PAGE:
The fiery derailment of an oil train in the Columbia River Gorge has Oregon transportation officials asking for a halt to the massive trains because of concerns their heavier weight could be putting extra strain on a certain type of bolt that fastens the rails to the tracks.
PORTLAND — The fiery derailment of an oil train in the Columbia River Gorge has Oregon transportation officials asking for a halt to the massive trains because of concerns their heavier weight could be putting extra strain on a certain type of bolt that fastens the rails to the tracks.
The Oregon Department of Transportation (ODOT) discussed its concerns about the safety of the so-called “lag bolts” in a presentation Thursday to the Oregon Transportation Commission and made public a letter it mailed to the Federal Railroad Administration on June 8 asking for the moratorium.
Union Pacific, which operated the train, has said the June 3 derailment was caused by a failure of the bolts — fasteners that are used to attach the rail to the rail tie on a curved section of track. The accident forced evacuations in the tiny town of Mosier, about 70 miles east of Portland, and spilled 42,000 gallons of oil into the Columbia River. No one was injured.
In a presentation to commission members, ODOT administrator Hal Gard said the lag bolts found at the scene were rusted on both ends, indicating they had been sheared off before the derailment. State officials showed a photo of a pile of lag bolts collected at the site.
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Trains that carry only crude oil began running in that section of the Columbia River Gorge in 2014, and state investigators are concerned that the heavier weight and shorter length of those trains might be causing the lag bolts to break. The trains’ weight is spread out over a shorter distance, increasing the pressure on the tracks.
Without the fasteners anchoring the rails to the rail ties, the parallel rails can be pushed further apart, causing a derailment, said Tom Fuller, ODOT’s director of communications. The sloshing of the liquid oil inside the tankers might also mean additional stress as the train’s contents shifts on curves, he added.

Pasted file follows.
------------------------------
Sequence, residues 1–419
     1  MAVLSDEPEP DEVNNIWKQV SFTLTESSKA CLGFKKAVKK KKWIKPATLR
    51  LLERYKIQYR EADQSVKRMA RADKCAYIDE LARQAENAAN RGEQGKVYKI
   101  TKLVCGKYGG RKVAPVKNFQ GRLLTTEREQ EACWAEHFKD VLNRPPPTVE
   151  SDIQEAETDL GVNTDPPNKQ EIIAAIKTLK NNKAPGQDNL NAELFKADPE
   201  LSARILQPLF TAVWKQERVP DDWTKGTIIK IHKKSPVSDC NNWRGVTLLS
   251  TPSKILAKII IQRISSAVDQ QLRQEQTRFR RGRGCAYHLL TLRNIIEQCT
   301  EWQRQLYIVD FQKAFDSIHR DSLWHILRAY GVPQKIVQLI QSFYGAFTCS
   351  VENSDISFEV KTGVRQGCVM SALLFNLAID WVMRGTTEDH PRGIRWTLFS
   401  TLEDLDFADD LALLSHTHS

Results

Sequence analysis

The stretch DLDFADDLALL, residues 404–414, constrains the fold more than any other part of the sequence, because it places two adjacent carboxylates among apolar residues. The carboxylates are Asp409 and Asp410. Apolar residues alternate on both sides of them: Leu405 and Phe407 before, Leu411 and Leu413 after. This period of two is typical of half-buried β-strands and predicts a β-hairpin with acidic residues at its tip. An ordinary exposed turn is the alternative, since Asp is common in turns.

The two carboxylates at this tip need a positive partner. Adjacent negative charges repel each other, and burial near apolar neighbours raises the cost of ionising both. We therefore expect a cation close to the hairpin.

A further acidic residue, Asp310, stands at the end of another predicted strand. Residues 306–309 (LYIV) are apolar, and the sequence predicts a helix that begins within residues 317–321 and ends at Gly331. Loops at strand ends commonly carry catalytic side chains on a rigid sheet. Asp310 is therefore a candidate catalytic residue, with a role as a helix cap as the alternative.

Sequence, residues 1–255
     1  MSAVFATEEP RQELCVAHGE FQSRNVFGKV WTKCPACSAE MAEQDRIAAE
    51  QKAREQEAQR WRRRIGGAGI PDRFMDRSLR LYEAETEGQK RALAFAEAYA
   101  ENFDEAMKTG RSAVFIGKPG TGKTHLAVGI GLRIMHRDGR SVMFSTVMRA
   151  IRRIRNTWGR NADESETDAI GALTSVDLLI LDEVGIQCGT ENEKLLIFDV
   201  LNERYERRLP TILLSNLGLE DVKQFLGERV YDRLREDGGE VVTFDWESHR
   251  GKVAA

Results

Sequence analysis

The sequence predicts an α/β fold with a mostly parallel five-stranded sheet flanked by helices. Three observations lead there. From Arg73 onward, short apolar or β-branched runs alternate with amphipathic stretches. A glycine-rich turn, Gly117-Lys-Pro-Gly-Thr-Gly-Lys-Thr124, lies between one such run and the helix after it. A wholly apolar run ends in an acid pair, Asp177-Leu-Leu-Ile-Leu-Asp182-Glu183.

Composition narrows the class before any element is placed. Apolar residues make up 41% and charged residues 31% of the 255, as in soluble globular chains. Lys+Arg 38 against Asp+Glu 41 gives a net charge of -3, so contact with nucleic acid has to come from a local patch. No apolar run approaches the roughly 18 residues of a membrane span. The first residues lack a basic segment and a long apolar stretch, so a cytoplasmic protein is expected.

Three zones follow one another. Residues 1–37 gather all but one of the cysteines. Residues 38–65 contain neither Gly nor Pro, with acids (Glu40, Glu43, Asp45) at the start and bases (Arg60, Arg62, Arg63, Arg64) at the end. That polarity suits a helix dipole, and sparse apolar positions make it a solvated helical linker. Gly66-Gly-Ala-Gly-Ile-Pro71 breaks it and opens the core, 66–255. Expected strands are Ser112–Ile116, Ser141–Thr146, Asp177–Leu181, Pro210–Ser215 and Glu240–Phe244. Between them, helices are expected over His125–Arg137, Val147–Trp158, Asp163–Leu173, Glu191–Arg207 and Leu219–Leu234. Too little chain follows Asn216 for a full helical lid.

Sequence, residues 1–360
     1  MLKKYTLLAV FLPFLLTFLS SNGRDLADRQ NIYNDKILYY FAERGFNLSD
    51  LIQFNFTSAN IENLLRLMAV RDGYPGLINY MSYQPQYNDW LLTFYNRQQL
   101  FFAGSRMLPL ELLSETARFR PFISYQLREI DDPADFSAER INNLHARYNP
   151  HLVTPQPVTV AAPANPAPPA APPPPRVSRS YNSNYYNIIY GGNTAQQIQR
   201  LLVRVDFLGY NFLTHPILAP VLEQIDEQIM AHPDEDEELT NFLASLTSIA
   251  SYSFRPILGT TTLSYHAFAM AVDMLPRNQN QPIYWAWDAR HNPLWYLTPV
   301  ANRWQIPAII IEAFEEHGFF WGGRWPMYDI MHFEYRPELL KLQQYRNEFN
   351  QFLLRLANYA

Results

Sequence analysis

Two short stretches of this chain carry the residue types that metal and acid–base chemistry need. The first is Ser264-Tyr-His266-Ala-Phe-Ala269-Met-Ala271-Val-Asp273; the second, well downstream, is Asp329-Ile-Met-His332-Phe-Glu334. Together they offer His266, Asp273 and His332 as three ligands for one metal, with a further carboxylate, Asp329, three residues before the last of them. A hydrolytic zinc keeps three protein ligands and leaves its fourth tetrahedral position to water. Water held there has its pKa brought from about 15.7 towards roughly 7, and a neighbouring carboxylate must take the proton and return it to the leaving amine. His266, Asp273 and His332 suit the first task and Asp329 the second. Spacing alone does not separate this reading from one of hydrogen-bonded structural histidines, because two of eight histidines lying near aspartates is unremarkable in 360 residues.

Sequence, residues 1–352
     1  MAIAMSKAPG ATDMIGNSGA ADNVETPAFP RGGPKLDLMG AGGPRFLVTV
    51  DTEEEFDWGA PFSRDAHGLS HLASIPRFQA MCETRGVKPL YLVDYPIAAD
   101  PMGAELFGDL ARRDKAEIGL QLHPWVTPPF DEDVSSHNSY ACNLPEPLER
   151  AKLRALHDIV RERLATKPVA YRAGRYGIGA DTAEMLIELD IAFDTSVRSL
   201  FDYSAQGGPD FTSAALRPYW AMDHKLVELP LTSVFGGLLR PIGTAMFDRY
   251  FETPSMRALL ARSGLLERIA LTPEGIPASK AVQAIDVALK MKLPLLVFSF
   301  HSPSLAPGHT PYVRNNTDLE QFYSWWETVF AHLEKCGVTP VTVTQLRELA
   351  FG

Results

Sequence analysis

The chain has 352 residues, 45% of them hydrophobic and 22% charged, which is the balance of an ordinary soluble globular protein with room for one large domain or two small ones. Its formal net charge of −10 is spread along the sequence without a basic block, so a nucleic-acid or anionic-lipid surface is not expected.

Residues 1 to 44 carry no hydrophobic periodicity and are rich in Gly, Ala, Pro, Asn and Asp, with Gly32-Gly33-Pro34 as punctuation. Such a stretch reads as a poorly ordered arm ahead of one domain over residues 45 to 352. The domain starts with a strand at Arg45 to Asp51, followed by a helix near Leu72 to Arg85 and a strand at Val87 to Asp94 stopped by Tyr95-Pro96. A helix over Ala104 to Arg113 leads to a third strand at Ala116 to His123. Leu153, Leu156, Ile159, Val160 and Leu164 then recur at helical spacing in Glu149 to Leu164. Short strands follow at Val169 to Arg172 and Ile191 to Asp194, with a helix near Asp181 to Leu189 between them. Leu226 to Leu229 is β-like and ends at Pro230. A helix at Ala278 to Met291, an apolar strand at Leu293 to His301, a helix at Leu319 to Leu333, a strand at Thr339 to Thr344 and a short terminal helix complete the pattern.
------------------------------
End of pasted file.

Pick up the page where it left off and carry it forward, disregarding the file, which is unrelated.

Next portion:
“The liquid is heavier and the weight is even more concentrated because there’s a shorter distance between the wheels and that’s what allowed one of the cars to literally come off the rails and then it pulled the other cars with it,” he said.
The lag-bolt system was installed on the Columbia River Gorge route in 2001, Gard said, and the rails at the location were replaced in 2013.
Tests conducted by both Union Pacific and ODOT for flaws in the tracks didn’t turn up the faulty bolts, Fuller said.
“Our concern right now is if Union Pacific or ODOT weren’t able to determine that these bolts were broken, how do we know there aren’t more of these bolts broken in other places?” he said. “Where else are these bolts installed? Where else might this exist … just waiting to have a derailment?”
On the Washington side of the Columbia River Gorge, BNSF Railway operates oil trains along its track network. BNSF spokesman Gus Melonas said Thursday evening that the company had made $500 million in track improvements in Washington state during the past three years. Melonas also said that the track through the Columbia River Gorge is inspected “seven days a week.”
He could not say whether BNSF used the specific type of fastener installed by Union Pacific on the Oregon side.
Matthew Lehner, a spokesman for the Federal Railroad Administration, said in a statement that his agency was working closely with ODOT and would respond to its letter, but the investigation is not over.
Union Pacific said it has increased the frequency of inspections since the derailment.
The company is doing walking inspections each month on curved sections of track in the Columbia River Gorge and will use a special type of testing to detect problems once every three months instead of once every 18 months, said Justin Jacobs, Union Pacific spokesman. Oil trains are not currently running in the gorge, he said.
Jacobs could not provide more details about why the lag bolts failed, but cited a 99.9 percent safety record.
“Has a lug nut on a car tire ever failed? Yes, it has. Does it happen very often? No,” he said. “Safety is a priority for us.”
At least 27 oil trains and 11 ethanol trains have been involved in major fires, derailments or spills during the past decade in the U.S. and Canada, according to an Associated Press tally from data kept by transportation agencies and safety investigators from the two nations.
Hundreds more rail cars have released smaller amounts of crude following less-severe mishaps.
Combined, the accidents released more than 3.6 million gallons of crude and 2.3 million gallons of ethanol, according to safety investigators and an AP analysis of the data. Investigations into some of the accidents are ongoing and release volumes are incomplete.
An accident in 2012 in Alberta, Canada, was blamed on broken lag bolts on a portion of curved track.
Inspections did not catch the failing bolts and the track moved, leading to the derailment, according to Canadian rail authorities.